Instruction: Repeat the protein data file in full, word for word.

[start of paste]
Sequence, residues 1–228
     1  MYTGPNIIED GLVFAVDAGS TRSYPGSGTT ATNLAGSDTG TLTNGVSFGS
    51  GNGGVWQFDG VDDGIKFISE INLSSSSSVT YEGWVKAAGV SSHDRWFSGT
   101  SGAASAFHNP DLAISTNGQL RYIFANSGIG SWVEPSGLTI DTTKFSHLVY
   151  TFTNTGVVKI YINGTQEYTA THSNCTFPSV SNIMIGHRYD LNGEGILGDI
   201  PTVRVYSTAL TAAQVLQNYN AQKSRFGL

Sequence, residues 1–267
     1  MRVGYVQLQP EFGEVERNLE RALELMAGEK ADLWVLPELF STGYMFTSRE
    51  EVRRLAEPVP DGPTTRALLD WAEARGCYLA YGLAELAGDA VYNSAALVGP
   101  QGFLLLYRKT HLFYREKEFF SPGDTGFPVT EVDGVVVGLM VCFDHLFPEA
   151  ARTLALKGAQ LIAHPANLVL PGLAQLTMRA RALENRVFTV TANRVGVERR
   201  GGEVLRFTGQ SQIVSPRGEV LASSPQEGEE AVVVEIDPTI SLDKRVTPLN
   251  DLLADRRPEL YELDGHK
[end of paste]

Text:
Sequence, residues 1–228
     1  MYTGPNIIED GLVFAVDAGS TRSYPGSGTT ATNLAGSDTG TLTNGVSFGS
    51  GNGGVWQFDG VDDGIKFISE INLSSSSSVT YEGWVKAAGV SSHDRWFSGT
   101  SGAASAFHNP DLAISTNGQL RYIFANSGIG SWVEPSGLTI DTTKFSHLVY
   151  TFTNTGVVKI YINGTQEYTA THSNCTFPSV SNIMIGHRYD LNGEGILGDI
   201  PTVRVYSTAL TAAQVLQNYN AQKSRFGL

Sequence, residues 1–267
     1  MRVGYVQLQP EFGEVERNLE RALELMAGEK ADLWVLPELF STGYMFTSRE
    51  EVRRLAEPVP DGPTTRALLD WAEARGCYLA YGLAELAGDA VYNSAALVGP
   101  QGFLLLYRKT HLFYREKEFF SPGDTGFPVT EVDGVVVGLM VCFDHLFPEA
   151  ARTLALKGAQ LIAHPANLVL PGLAQLTMRA RALENRVFTV TANRVGVERR
   201  GGEVLRFTGQ SQIVSPRGEV LASSPQEGEE AVVVEIDPTI SLDKRVTPLN
   251  DLLADRRPEL YELDGHK